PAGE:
We are slowly getting there. Every week the colors of the deciduous trees are getting more and more intense. What worries me though is that for now only a small minority of all trees has been affected by nature’s hue/saturation optimizer. By the time the remaining majority of the trees are ready for the annual show-off, the early adopters will probably already be leafless and thus annoying, bald dissidents in an otherwise beautiful landscape. But alas, it will never be perfect and we have to make do with what we are offered. I was happy to see that the forest edge along the largest fen at my playground had colored enough to give my photographs a clear sense of the colorful autumn season they were shot in.
The Friday morning was relatively cloudless and calm, and so it seemed obvious to me to photograph the autumn colors and their perfectly mirror-like reflections in the fen. The few clouds that were there drifted away before the rising sun could hit them with a blast of pink, but in hindsight I think the dark blue sky makes for a better companion to the warm hues of autumn that were hit by the first rays of the sun. A touch of fog would have been nice, but on the other hand, a portfolio with only foggy photos gets boring quickly.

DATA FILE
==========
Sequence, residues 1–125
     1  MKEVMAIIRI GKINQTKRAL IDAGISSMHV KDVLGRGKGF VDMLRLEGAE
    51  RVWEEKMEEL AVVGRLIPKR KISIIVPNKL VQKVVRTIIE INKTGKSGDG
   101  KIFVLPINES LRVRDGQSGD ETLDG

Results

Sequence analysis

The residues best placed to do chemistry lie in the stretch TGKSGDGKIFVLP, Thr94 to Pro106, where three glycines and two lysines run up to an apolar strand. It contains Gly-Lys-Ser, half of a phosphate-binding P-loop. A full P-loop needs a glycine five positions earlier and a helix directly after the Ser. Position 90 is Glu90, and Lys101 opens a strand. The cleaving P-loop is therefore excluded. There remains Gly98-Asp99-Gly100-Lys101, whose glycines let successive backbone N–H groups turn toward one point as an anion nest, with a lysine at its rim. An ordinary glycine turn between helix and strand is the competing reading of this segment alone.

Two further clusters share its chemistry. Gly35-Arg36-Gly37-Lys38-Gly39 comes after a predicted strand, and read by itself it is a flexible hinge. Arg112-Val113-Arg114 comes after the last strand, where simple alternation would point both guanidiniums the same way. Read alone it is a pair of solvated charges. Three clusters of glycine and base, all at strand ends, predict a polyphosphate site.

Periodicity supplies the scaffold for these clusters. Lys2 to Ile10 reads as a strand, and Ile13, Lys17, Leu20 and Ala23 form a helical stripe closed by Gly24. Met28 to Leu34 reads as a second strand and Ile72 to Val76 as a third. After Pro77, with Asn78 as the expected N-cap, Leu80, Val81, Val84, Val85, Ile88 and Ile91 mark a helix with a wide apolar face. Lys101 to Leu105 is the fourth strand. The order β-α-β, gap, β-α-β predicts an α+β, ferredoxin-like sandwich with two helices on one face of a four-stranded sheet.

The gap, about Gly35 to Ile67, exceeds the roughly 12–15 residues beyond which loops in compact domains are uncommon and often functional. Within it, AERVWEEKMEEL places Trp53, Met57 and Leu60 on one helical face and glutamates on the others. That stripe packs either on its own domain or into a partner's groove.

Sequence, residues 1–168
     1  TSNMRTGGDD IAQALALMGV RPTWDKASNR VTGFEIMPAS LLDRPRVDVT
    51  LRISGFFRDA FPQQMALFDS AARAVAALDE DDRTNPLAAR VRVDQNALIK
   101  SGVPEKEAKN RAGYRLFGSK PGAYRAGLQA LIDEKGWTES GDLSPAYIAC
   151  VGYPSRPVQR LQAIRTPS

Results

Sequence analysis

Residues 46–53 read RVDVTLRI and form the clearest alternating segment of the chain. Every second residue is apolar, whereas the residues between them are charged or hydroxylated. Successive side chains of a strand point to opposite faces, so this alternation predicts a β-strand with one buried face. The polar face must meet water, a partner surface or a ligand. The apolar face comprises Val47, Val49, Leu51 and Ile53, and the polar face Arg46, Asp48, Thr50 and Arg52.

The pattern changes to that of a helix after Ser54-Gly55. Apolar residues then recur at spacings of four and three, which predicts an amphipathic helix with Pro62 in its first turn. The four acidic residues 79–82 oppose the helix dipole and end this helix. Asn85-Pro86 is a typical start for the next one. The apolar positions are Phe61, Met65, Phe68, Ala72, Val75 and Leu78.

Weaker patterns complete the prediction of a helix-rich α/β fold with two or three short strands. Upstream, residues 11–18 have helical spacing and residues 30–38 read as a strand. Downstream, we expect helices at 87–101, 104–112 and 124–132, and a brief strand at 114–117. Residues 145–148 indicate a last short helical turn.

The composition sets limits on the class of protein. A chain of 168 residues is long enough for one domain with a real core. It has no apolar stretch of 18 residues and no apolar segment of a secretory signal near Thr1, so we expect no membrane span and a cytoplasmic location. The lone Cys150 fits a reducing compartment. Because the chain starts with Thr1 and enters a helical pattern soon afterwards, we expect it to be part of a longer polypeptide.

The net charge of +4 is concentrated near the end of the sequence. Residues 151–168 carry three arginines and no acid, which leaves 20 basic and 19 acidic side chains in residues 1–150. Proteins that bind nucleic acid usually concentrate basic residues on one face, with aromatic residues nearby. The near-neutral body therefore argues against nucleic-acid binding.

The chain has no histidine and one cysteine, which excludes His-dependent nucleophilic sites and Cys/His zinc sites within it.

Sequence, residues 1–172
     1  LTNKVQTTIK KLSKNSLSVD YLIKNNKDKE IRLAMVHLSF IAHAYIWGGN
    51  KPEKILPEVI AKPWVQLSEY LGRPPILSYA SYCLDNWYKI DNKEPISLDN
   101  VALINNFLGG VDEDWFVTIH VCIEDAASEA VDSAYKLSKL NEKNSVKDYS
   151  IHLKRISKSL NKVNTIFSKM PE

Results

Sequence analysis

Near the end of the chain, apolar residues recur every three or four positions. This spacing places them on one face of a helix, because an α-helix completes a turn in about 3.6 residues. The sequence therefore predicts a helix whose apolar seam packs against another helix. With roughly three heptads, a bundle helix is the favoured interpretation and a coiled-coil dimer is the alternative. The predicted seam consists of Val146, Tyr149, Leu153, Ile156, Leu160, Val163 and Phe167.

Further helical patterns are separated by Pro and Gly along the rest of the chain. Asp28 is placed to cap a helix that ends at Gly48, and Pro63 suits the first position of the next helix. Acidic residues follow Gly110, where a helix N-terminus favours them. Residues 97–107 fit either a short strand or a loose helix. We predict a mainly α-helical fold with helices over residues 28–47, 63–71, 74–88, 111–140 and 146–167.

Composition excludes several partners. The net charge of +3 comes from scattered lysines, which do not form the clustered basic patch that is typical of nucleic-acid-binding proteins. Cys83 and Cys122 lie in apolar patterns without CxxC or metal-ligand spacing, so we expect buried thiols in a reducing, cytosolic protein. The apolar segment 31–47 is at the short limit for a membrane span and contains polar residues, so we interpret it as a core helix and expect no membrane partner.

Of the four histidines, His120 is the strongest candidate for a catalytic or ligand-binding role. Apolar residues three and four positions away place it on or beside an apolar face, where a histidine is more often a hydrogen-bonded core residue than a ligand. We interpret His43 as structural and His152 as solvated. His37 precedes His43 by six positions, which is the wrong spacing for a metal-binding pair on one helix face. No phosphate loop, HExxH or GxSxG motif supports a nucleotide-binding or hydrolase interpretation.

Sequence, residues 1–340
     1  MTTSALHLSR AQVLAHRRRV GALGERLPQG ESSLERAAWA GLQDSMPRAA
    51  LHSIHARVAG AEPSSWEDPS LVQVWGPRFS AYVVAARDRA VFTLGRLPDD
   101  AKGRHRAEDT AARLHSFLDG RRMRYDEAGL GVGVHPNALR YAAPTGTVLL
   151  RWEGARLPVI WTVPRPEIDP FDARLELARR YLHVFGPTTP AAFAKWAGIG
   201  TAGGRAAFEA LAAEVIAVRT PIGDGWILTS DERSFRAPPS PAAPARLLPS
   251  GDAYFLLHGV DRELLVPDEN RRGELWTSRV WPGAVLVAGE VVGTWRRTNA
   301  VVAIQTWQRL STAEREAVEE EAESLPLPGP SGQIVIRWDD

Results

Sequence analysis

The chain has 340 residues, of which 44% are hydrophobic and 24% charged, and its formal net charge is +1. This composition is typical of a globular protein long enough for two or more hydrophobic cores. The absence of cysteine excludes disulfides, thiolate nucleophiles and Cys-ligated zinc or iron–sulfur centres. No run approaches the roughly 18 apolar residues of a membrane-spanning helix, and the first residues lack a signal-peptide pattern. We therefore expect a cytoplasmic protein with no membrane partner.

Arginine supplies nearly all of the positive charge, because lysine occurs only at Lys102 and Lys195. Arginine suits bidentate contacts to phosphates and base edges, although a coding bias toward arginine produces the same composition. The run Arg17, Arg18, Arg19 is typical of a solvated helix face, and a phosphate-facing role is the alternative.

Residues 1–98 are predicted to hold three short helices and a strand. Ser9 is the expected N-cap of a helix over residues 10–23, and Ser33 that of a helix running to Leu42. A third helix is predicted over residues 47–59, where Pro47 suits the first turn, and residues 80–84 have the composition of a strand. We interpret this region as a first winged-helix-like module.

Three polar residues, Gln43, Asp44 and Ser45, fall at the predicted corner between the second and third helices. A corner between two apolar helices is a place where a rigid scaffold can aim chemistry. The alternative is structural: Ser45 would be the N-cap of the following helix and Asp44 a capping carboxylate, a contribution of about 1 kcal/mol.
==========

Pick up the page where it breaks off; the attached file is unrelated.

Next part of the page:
I am sure next weekend will be the best for autumn colors. Somehow, the last weekend of October always is. Unfortunately (although not really), I will be in Germany attending the annual GDT nature photography festival. That means two full days inside a theatre, forgoing all of the beauty outside and no possibility to take photos. But in return, lectures by some of the biggest names in nature photography and engaging chats with equally passionate friends usually provide more than enough inspiration for yet another year of nature photography. Still, if we could have the best of both worlds…maybe we should sign a petition to move the festival to summer. If not, from now on GDT will be the abbreviation for Gefangenschaft Deutscher Tierfotografen.
Autumn Reflection; Canon 5D Mark III w. 17-40/4L; 1.3s at F16 and ISO100; polarizer, ND grad, tripod, remote release